Author: Faith Hunter
Genre: Action, Adventure, Mystery, Urban Fantasy
Rating: ★☆☆☆☆ || 1.0 star
Jane Yellowrock doesn’t remember anything about her life. She was twelve when she walked naked out of the forest with no recollection of her past beyond the fact that she’s a Skinwalker. Years later, she’s become an accomplished vampire hunter contracted to come to New Orleans––to work for vampires. New Orleans has been plagued by a rogue vampire, who aside from attacking humans, has also been turning on his own. And though Jane heads to Louisiana determined to claim a kill that will put her on the map, what she ends up finding may be more than she bargained for.
I’d give this zero stars, but I’d be lying if I didn’t admit that I really liked this book. Not liked, perhaps. Enjoyed. The pacing was snappy and lean, leaving very little time for extraneous fluff. The world felt very lived in in a way few novels do, and the New Orleans setting felt alive with energy, even when being threatened by a rogue vampire. The plot was interesting, the mystery element keeping on edge. Jane was a compelling protagonist; she’s a pragmatist and a self-interested one at that, but even though she demonstrated a lot of the same qualities that sour me to other protagonists (an “I’m not Like The Other Girls” attitude, pheromones so strong apparently that every man and woman in New Orleans wants to bang her, an insistence on her straightness that a) makes me doubt that assertion b) was so unnecessary, etc.), I still rooted for her.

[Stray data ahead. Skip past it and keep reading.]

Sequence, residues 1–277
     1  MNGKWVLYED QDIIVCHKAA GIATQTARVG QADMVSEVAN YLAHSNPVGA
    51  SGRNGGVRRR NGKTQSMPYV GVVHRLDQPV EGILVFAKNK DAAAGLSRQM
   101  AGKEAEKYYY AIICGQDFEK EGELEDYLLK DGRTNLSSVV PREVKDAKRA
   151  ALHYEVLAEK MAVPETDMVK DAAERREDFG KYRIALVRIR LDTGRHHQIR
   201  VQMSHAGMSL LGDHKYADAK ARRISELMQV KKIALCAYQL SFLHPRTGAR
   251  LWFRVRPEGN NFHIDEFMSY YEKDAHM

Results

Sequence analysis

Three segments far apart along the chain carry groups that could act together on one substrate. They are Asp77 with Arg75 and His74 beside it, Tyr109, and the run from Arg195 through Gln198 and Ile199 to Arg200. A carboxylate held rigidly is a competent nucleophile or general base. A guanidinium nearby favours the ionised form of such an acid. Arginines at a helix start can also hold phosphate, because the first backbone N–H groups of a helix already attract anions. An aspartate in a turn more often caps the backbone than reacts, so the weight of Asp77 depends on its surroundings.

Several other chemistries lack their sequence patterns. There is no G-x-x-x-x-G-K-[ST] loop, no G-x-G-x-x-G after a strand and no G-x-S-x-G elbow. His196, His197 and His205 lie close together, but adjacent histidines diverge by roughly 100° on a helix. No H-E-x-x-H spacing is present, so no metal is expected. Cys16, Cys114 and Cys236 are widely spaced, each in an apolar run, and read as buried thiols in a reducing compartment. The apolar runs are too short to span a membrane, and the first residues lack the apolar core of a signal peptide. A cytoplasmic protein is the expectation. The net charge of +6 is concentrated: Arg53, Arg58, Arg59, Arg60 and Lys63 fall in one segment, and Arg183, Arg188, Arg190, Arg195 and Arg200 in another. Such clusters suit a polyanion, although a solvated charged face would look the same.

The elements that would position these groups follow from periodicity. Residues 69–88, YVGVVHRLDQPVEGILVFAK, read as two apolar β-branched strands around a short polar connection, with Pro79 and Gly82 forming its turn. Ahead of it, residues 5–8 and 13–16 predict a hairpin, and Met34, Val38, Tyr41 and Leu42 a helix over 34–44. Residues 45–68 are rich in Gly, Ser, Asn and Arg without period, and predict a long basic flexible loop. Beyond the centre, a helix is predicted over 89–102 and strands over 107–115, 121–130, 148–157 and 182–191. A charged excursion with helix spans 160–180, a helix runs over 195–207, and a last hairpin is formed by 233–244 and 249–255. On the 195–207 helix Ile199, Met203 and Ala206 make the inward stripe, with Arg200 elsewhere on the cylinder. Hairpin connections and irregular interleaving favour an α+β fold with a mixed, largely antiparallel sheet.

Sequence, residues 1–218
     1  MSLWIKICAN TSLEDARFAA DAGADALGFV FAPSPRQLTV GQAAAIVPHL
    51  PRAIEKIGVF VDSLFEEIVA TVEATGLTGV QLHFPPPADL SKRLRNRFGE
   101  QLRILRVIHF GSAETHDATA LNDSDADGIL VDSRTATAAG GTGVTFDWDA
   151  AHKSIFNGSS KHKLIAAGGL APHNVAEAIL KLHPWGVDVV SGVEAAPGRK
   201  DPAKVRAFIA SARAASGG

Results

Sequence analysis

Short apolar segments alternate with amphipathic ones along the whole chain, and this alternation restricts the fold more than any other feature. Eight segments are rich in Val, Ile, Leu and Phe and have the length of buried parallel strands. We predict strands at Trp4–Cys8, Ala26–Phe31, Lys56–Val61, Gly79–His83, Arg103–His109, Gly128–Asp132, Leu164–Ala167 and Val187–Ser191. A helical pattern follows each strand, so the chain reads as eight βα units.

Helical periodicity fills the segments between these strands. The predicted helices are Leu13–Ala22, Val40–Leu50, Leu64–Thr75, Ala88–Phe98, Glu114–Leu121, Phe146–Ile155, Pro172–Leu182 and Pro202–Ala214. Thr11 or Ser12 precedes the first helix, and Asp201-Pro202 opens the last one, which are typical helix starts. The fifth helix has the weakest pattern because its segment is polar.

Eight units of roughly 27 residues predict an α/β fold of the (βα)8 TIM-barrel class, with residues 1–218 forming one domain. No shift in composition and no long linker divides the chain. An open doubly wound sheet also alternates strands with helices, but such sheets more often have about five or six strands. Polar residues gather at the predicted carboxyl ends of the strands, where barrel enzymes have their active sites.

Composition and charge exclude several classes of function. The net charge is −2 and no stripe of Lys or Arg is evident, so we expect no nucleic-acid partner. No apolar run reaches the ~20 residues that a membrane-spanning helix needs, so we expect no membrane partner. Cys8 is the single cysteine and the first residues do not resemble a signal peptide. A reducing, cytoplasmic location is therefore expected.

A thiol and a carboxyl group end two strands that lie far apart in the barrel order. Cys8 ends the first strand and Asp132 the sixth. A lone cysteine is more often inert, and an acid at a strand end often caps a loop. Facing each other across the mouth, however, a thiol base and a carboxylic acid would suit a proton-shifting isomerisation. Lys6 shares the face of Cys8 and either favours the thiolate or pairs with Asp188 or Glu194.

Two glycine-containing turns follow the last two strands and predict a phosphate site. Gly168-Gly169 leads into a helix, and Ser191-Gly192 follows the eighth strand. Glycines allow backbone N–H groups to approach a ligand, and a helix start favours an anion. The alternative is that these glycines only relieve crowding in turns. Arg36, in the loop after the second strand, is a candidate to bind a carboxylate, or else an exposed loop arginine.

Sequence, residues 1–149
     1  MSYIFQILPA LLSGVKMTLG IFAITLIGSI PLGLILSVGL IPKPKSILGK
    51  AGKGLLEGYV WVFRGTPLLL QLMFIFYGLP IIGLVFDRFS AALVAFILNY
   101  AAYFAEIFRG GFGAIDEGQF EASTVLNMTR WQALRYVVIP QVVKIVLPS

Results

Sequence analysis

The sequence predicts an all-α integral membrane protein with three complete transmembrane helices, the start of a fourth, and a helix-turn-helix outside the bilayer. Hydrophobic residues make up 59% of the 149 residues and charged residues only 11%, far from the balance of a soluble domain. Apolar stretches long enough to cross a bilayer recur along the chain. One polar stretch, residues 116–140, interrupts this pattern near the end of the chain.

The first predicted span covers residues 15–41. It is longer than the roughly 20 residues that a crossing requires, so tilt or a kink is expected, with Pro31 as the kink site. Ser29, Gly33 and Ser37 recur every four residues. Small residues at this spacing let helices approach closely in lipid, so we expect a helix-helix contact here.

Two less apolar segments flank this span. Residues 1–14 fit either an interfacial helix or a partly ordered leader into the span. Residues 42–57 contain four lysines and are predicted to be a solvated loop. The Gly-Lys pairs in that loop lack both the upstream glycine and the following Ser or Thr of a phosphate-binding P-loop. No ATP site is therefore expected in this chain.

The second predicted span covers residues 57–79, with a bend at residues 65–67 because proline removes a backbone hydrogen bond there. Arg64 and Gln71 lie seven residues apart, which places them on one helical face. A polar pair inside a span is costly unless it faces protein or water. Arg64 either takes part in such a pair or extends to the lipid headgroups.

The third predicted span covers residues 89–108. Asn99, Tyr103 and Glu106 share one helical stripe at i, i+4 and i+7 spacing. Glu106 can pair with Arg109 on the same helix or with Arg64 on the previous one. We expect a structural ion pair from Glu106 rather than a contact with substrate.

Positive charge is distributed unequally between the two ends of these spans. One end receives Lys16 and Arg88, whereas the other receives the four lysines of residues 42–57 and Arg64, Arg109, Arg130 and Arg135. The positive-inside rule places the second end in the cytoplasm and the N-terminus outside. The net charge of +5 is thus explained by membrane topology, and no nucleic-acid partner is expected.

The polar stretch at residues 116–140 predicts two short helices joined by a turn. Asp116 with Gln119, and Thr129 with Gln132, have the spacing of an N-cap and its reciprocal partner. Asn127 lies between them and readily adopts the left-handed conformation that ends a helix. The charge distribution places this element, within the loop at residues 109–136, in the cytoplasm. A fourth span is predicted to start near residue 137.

I can’t root for this novel, though.
From a cursory Google search, it seems that Skinwalkers are a primarily Southwestern Native (and specifically a Navajo) creature, so the choice to make Jane Cherokee strikes me as a bit odd, even though the author seems to have done her research not only into stories of the Skinwalkers, but also into the structure of Cherokee society. This, of course, may simply be because I’m not indigenous, nor am I familiar with the lore, so I’ll just leave this here for other, more knowledgeable people to assess.
But even if I wasn’t bothered by that, there is a litany of microaggressions within the text of the narrative itself that really pissed me off. First: the only Black people (in New Orleans!) who exist in any significant way in the text play secondary roles to even secondary characters. Antoine is a cook who plays second fiddle to one of the side characters, Rick. Miz A is a servant in a vampiric household. Both these characters occupy the role of servant, and they are both the victims of disproportionately violent fates: Antoine is killed as collateral damage (so that not even his death belongs to him), while Miz A is attacked by the rogue vampire. She is asked after once and never mentioned again.
A South Asian sex worker is described as “look[ing] twelve” (thanks for the infantilism, like we really fucking needed that?), a tattoo is described as “Oriental,” while Jane describes herself as having “golden brown skin and…[a] sharp American Indian nose.” Hello essentialism. She’s also called an “Inj*n princess,” and while I assume this was meant to be an example of in-universe racism, it’s neither commented on or called out as racism; Jane simply takes it in stride (it’s also worth noting that the character who calls her that is portrayed as sympathetic).